• drbj profile imageAUTHOR

      drbj and sherry 

      9 years ago from south Florida

      You remember Rosy from microbioloty class, Lela? How extraordinary. Did you meet Eboli there, too? You are right on the mark about history being turned into rhymes. It made it so easy for the stories, some rather macabre to be sure, not to be forgotten.

    • drbj profile imageAUTHOR

      drbj and sherry 

      9 years ago from south Florida

      Thank you, Ruby, for enjoying this bit of fluff. Delighted that I was able to provide some fun info. And since you liked my verse even better than the nursery rhymes, you have now been named Chief Steward of Nursery Nonsense. It is a prestigious post but unfortuantely, unpaid.

    • drbj profile imageAUTHOR

      drbj and sherry 

      9 years ago from south Florida

      Hi, Audrey. Delighted you found this 'entertaining and brilliant as always' - takes one to know one. Right? Thanks for loving the cartoons - they do add a bit of panache. And the Google Gaggle bit may be one of my more lofty inspirations.

      Speaking of pelicans, your pelican hub should win that 'Share' contest - it is tres excellent.

    • drbj profile imageAUTHOR

      drbj and sherry 

      9 years ago from south Florida

      Dear Frog - I think you're right about the info overload on this chapter of M. Goose. I just couldn't stop once I got started. I found the histories so fascinating they became like peanuts - I couldn't stop after just one. Thank you for your kind words.

    • drbj profile imageAUTHOR

      drbj and sherry 

      9 years ago from south Florida

      Nice to see you here, Megan. Thanks for the visit and the 'fabulous' comment. I can't wait either for the next interview since I don't have a clue at this moment who that undead celebrity will be. But never fear. Inspiration is always just around the corner.

    • RealHousewife profile image

      Kelly Umphenour 

      9 years ago from St. Louis, MO

      Wow! Pretty interesting Drbj! I'd only heard of a couple of these before. I always tried to guess what Little Jack Horner meant - funny considering I'm involved in the title business;) Mary, Mary quite contrary was my favorite as a child....I imagined Silver Bells and cockleshells were a type of flower......but the truth is much more fascinating!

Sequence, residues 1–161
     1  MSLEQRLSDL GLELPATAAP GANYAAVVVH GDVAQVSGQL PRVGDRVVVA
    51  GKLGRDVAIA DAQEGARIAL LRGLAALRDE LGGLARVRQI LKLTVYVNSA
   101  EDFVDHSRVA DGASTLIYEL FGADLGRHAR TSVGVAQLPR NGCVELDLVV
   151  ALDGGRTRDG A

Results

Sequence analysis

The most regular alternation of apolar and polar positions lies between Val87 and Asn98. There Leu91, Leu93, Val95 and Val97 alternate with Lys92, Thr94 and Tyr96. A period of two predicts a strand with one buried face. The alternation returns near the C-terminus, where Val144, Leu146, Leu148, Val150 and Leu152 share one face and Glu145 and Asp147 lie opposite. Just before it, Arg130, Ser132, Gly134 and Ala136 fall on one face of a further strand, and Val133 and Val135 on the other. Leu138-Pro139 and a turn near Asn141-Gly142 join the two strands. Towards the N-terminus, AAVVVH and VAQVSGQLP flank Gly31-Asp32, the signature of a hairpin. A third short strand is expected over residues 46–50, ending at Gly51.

Up and all of that for sure!

    • profile image

      Feline Prophet 

      9 years ago

      Gaggle? Hahaha!! Such a wonderfully enlightening hub, drbj! Who would have thought all those nursery rhymes (that we so cheerfully mangled as children) had such sinister origins!

    • Austinstar profile image


      9 years ago from Somewhere near the heart of Texas

      I remember the one about the plague - Ring around the rosy from my microbiology classes. Weird that old stories were turned into rhymes. But I guess that is so people could remember the times.

    • always exploring profile image

      Ruby Jean Richert 

      9 years ago from Southern Illinois

      drbj, you did it again. This is so unique and full of fun info. I think what amazes me the most is the cruelty of the rulers and the wives were just as bad. Thank you for sharing your poetry rhymes, they were far better than the Nursery Rhymes. Enjoyed!!

    • akirchner profile image

      Audrey Kirchner 

      9 years ago from Washington

      Entertaining and brilliant as always, BJ - gotta love the cartoons best of all....I love the Gaggle and the Google, too...and Father Goose one of my all time favorites! Those geese look a lot like my pelicans~ ha ha

    • The Frog Prince profile image

      The Frog Prince 

      9 years ago from Arlington, TX

      drbj - I'm on information overload a bit after reading Part 2. Fascinating. I didn't realize the reasons behind the rhymes.

      Excellent Hub and well written.

      The Frog

    • Megan Kathleen profile image

      Megan Kathleen 

      9 years ago from Los Gatos, CA

      How awful that my favorite story here is Mary, Mary, quite contrary? Torture, how fabulous! But what is truly fabulous is this hub, as always. Can't wait for the next interview!

    • drbj profile imageAUTHOR

      drbj and sherry 

      9 years ago from south Florida

      Hi, Dex. You love my Interviews? What a coincidence - I love researching and writing them. Aren't we a pair? Thank you for finding them entertaining and the UP vote. You are SO wise!

    • drbj profile imageAUTHOR

      drbj and sherry 

      9 years ago from south Florida

      Thank you Sandy - I appreciate your visit and loving my research. I always thought the "Goose" nursery rhymes were a little strange - now I know some of the reasons why.

    • Dexter Yarbrough profile image

      Dexter Yarbrough 

      9 years ago from United States

      Hi DRBJ! This was informative and entertaining, as usual! I love these interviews! Voted up, up and away!

    • Sandyspider profile image

      Sandy Mertens 

      9 years ago from Wisconsin, USA

      I love your research on Mother Goose rhymes. Very interesting history.

    • drbj profile imageAUTHOR

      drbj and sherry 

      9 years ago from south Florida

      Thanks Paradise, for being the first to comment. Yes, when the nursery rhyme commemoratng the Great Plague came to America, the 'ashes, ashes,' became 'Achoo." Made much more sense in many ways.

    • Paradise7 profile image


      9 years ago from Upstate New York

      Thanks for an entertaining hub. I've heard that the "Ashes, Ashes" in the nursery rhyme was actually "Achoo, Achoo", imitating sneezing, which WAS one of the onset symptoms of the plague.